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An epidemiologist breaks down the numbers on Johnson & Johnson’s single-dose vaccine

An image of a women receiving a vaccine in her left arm. (Photo by UTHealth).
The Johnson & Johnson vaccine is 85% effective at preventing severe illness, and most importantly, it was 100% effective at preventing hospitalization and death among trial participants. (Photo by: UTHealth)

While the Johnson & Johnson single-dose COVID-19 vaccine that has now received emergency use authorization by the U.S. Food and Drug Administration has a lower efficacy rate compared to other previously approved vaccines, an expert with The University of Texas Health Science Center at Houston (UTHealth) explains why it is still a significant step toward ending the COVID-19 pandemic.

“You may be quick to compare Johnson & Johnson’s figures to those of previously authorized vaccines, such as Pfizer or Moderna, but a 66% percent efficacy rate of preventing symptomatic illness is worth celebrating,” said Katelyn Jetelina, PhD, an assistant professor at UTHealth School of Public Health in Dallas.

The Phase III clinical trial included over 43,000 participants (21,895 in the vaccine group and 21,888 in the placebo group) and its data revealed the vaccine had an efficacy rate of 66.9% two weeks after vaccination, and dropped down to 66.1% after 28 days.

The Johnson & Johnson vaccine is 85% effective at preventing severe illness, and most importantly, it was 100% effective at preventing hospitalization and death among trial participants.

“It’s easy to look at the numbers and assume this vaccine is less effective, but when the race to develop a COVID-19 vaccine began, scientists were hopeful for a 50% efficacy rate. We have managed to knock that out of the park at least three times now, so we epidemiologists are still very excited about the vaccines with a perceived ‘lower’ efficacy rate,” Jetelina said.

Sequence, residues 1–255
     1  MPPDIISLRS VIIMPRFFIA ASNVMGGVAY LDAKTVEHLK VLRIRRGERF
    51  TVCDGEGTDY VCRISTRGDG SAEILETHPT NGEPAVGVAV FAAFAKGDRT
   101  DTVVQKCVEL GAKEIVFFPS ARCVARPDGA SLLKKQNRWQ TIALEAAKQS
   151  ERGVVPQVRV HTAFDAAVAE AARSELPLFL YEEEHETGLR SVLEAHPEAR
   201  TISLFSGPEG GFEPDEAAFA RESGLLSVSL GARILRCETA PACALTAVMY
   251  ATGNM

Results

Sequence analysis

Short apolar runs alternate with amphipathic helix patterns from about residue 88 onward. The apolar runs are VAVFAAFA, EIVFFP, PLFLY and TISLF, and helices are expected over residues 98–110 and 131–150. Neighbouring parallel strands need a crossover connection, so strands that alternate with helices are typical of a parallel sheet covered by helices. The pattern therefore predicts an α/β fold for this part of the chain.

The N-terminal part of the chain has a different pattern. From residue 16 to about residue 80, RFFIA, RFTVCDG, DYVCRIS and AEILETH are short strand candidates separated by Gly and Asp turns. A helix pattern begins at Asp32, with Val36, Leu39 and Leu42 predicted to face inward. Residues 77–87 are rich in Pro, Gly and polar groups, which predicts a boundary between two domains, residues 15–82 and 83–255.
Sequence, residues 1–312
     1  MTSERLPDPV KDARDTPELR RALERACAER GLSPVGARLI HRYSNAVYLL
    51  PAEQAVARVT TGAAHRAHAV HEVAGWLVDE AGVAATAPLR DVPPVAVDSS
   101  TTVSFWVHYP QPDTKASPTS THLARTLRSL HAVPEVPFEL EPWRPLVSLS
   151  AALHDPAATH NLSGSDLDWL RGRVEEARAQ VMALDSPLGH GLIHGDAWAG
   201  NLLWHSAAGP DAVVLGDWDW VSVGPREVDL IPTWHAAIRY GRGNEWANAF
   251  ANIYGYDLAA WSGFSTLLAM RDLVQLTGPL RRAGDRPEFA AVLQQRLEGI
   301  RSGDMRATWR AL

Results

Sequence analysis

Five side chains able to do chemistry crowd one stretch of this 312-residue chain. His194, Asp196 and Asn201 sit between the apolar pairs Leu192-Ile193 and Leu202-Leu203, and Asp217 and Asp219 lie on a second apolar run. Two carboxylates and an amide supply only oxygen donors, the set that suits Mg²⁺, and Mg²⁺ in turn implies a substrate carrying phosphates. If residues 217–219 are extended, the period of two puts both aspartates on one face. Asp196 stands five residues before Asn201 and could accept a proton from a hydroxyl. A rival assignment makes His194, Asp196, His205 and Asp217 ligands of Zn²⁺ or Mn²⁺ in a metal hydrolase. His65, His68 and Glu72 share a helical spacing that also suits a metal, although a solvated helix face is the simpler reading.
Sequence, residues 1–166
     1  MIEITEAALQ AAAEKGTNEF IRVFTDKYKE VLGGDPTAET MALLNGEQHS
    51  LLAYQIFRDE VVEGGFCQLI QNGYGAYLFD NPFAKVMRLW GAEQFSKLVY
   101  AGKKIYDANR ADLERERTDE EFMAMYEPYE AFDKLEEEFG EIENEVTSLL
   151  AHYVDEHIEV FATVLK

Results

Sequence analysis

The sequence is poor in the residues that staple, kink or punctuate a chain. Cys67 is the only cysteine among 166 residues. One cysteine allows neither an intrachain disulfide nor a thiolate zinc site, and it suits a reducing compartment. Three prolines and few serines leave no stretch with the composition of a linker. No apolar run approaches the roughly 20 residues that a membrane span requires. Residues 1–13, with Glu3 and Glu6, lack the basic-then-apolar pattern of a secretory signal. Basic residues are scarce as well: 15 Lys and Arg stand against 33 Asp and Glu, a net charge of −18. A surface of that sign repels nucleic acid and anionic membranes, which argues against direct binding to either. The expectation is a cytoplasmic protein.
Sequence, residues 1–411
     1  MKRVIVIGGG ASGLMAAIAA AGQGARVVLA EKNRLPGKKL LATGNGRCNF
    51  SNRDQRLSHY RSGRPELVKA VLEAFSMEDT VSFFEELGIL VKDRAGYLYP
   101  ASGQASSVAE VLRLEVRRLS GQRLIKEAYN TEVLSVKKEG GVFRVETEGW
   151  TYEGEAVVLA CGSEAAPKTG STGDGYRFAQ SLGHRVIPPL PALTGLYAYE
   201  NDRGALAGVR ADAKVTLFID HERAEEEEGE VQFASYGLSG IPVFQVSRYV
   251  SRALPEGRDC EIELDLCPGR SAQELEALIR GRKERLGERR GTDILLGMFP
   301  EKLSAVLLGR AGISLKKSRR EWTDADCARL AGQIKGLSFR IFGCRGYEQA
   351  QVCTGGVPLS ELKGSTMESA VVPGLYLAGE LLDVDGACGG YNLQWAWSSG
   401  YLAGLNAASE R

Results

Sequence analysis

On top of requiring just one dose, one major difference about this vaccine is that it does not require complex cold-chain storage. This will allow for much easier distribution, especially to areas where super chilled storage is limited, such as rural communities.

However, even with the addition of a third vaccine, experts caution that it is still critical for people to maintain COVID-19 safety measures, even once they are fully vaccinated. The continued practice of the guidelines issued by the Centers for Disease Control and Prevention to prevent spread of COVID-19 include wearing masks, physical distancing, hand hygiene, and staying home when feeling unwell.

“The bottom line is this, if you’re eligible to receive any COVID-19 vaccine, it’s important that you take the first opportunity you can. All of the vaccines granted authorization in the U.S. are safe and effective and we are hopeful that vaccines will help stop this pandemic,” Jetelina said.

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